For the most part, we should plan for life on Mars the same way we might plan for life after a nuclear apocalypse. That is, we can expect to live in underground burrows, like rabbits or prairie dogs.
There must be gold, oil, diamonds, copper, and lithium to even think of something so incredibly dumb. Something must be driving the itch to go there. Something must be messing with the balls of the big boys hoping to get enough lucre up to go. And, except for totally fouling the nest of this place Earth [once] called home, it is no surprise that some wonky South African punk, a generation removed from the Apartheid oscilloscope, is hungry for it.
Sort of like moving out of one shitted up chicken coop into maybe another one? For instance, just imagine anybody going family camping around the ruins of Chernobyl. No takers. But if you’ve got minerals and a way to make money (and, hell, all the externalities blowing upon the vacuous emptiness of space, who cares?!), guess we’ve got a wagon train and folks lookin’ for a new 40 acres and a mule.
Just leave all the tar, and chemicals, and waste, and unsolved nuclear pollution, and post-industrial indestructible indissolvable human debris behind for a new little place to…befoul? No, that c’aint be it! And it ain’t some kind of wanderlust. As for the science angle? Nope. It’s just death, like here. So why, Santa Claus, why? Well, li’l Wendy, iz just anotha opportunity to be lookin’ fer them free raw materials before th’other fella gits ’em first, yee-haw! Ride’m, girl! Ride’m, cowboy! Into the solar system!
Things had lost their luster, kept their glow. An old quarter kept in the pocket, just the pocket of memory, nothing else. Years, dances, people. An old man had roared up to my house on his motorcycle and was gone. The melting snow, too, had melted and was gone forever. An infinitesimal comet paired up elliptically with a smaller orbit will return someday. And we had not. Oh, well. The cubic yards of dirt I had dug day after day will still probably remain for some good time. Not of any further use at some point. Once we had gone, there wasn’t the same use. That’s all. It hadn’t been that important. The gravel. The driveway. The automobiles. All of us had once been so busy, so occupied. We forgot ourselves in our own peerless lives. Once I had looked inside the mica window of an old rusted oven on top of a Canadian island and had been amazed at the blackened reflected eternity. It needed nothing, I suppose, besides a boy’s eye to have seen it once. Had the Italian seen it, I am almost sure he would have been just as happy, no less proud peering at that than the dwindling chambers of a nautilus’ shell’s cross-section, all dwindled in mathematical perfection, no less so than Archimedes once shouting in the first person singular perfect indicative active tense we had later borrowed as the English exclamation for all discovery, “Eureka!” And behind all this the spectral illumination of the moon had continued, like the halo of an evening’s haze outshining itself with nothing to ever bear it any witness besides the comfortable peasants who had once dozed upon the sloping hillsides of Mother Earth, sunken and old and gone away forever.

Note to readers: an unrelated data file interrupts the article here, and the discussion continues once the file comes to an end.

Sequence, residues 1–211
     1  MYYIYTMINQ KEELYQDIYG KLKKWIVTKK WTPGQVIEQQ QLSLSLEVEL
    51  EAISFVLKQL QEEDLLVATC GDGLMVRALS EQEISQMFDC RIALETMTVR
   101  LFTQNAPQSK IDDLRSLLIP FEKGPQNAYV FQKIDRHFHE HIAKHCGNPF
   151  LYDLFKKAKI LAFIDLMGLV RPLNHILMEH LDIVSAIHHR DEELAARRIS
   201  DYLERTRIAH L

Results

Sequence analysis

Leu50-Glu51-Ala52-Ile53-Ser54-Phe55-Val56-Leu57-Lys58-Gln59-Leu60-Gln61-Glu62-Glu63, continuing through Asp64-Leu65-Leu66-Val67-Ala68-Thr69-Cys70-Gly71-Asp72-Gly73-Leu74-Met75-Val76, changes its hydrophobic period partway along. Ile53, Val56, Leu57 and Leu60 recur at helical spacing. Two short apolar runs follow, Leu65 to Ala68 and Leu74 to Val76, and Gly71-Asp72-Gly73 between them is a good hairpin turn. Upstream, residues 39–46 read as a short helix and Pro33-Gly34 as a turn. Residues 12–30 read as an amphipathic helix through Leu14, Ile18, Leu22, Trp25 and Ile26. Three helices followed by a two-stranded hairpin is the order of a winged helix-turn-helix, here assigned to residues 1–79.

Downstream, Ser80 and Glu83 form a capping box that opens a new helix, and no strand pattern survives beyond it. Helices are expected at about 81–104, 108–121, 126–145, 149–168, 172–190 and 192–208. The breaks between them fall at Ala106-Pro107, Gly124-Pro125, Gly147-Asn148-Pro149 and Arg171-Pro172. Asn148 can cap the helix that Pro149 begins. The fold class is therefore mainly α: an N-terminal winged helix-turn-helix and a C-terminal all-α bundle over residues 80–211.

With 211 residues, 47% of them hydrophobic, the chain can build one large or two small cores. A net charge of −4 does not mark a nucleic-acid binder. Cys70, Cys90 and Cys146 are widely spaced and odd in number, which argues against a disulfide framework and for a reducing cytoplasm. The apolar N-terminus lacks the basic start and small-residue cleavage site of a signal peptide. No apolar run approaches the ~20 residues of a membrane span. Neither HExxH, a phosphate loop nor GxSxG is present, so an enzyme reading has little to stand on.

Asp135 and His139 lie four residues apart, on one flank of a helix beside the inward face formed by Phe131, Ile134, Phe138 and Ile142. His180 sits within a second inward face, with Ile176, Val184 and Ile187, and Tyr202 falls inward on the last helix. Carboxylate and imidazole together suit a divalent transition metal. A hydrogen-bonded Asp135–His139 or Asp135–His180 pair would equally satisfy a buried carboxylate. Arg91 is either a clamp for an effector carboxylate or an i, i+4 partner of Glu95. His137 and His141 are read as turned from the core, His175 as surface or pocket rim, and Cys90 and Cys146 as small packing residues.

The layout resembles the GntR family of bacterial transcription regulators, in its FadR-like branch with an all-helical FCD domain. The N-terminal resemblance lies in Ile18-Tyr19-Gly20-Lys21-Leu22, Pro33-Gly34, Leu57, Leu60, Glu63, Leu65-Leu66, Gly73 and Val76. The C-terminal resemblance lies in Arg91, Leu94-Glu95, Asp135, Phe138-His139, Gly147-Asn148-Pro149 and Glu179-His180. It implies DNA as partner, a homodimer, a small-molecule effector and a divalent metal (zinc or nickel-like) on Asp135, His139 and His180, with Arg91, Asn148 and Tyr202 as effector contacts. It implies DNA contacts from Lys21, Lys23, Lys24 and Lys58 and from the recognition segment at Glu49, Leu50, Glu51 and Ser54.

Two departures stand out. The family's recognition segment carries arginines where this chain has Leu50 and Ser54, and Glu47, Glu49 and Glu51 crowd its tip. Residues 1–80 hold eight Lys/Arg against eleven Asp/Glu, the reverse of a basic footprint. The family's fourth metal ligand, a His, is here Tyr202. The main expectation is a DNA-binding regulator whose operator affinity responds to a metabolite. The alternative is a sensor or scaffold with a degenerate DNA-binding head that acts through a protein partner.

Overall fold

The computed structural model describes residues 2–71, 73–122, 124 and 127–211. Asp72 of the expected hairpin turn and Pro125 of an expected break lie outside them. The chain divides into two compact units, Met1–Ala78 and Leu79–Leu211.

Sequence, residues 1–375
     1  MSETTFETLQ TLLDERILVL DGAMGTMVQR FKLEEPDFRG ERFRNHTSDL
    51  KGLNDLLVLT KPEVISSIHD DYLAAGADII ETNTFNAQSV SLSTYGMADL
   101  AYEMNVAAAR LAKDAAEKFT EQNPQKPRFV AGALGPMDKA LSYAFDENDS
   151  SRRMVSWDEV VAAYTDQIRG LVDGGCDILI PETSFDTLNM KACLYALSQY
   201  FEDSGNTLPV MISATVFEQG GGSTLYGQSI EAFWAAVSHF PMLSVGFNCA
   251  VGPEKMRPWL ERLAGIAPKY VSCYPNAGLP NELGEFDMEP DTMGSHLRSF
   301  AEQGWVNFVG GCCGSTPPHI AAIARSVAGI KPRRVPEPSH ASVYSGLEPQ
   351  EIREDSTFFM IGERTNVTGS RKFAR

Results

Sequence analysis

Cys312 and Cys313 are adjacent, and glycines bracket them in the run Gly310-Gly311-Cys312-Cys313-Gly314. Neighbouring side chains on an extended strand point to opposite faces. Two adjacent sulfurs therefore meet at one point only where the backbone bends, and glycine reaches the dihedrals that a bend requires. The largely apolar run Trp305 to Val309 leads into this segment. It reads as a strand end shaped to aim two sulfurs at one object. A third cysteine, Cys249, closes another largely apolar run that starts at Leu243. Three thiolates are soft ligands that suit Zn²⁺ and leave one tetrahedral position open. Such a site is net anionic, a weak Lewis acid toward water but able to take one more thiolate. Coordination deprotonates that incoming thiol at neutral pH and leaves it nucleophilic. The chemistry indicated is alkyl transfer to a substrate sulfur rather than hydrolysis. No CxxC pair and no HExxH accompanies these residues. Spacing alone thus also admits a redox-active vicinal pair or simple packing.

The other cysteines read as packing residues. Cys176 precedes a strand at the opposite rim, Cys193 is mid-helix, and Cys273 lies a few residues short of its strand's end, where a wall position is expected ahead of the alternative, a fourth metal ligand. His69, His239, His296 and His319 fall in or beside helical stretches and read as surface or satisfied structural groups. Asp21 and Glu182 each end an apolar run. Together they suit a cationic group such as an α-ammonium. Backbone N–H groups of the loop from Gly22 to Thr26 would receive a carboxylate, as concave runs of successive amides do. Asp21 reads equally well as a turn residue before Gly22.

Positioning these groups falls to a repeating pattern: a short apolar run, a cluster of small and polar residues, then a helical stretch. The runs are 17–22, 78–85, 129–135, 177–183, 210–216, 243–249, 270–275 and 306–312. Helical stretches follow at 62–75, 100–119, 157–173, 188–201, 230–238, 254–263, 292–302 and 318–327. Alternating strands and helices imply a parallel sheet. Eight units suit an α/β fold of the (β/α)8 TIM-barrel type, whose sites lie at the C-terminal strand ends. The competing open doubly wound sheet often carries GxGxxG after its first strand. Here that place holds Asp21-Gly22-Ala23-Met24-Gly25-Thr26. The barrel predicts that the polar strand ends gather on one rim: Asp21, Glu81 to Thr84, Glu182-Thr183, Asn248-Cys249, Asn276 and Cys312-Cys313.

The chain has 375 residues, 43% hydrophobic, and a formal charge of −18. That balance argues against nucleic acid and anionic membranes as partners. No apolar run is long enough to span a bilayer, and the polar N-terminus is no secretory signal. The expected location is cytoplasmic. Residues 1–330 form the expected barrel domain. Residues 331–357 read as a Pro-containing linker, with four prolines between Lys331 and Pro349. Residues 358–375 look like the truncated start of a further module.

Most of the cost had been passed on to others. A few shekels here, a few there. No one had argued otherwise—that it was an atrocity. All the villages and all the people in the villages had been wiped out completely. No one could even buy bread, let alone any grain to make a loaf themselves of it with. The Superpowers at hand had continued their embargoes to no avail anyway as usual but not to any extent that was newsworthy. What becomes that is always what crashes on the tarmac at international airports, not the day-in and day-out of people going about living their lives, as is the general wont of most of the planet’s 10 billion. The unimportant folk who, generally speaking live side by side each other, regardless of religion or race or their weird personal habits, had continued not to matter. Only when these had amounted to groupings that were populations of over 10,000 persons attacked by warplanes at the foothills, like massive bacteria cultures growing in agar in some backroom Petri plate, was there the chance of any possible notice. Neither the local news nor the big thumb of the Internet could until then have taken notice. It couldn’t and didn’t have to. That I had traveled onwards with my shaggy goats was just as well. Mine were as unimportant as any other goatherd’s flock. By the grace of Allah, I had had enough meat and cheese with me in my sack to last me a while.
I hadn’t a dime to my name. I hadn’t a penny to yours. I had a reindeer hoof from Pakistan. And a pirate patch from Tangier. The equals sign in the equation was always quite lopsided. There never was any equivalent to things being the same or domestic animals for sure. Walks under rainbows, snowshoes in spring, piles of needles unswept in the fall, I’m sure the cycle of time had abjured the little summering trespasses we sometimes had made crossing lakes, oceans, and a reservoir or two. Never was I an indifferent mathematician. I had held piles of sand in both hands, either one. Watching the grains fall slipping through my fingers was almost always one of my greatest pleasures. Now the Arctic is gone. Now the Sahara. Now the borrowed light of the moon is surrendered back to the sun. Now the great optative is strongly in place. And I fear the sudden death stroke of the aorist will come down and behead us both. Let us not speak a word further then. The great coronal plasma ejaculation is fast upon the Earth, and I wish I had been camping contigo in a thin, collapsible tent in the outback of Australia, where in the morning we’d have blinked away wavering glances of the aurora.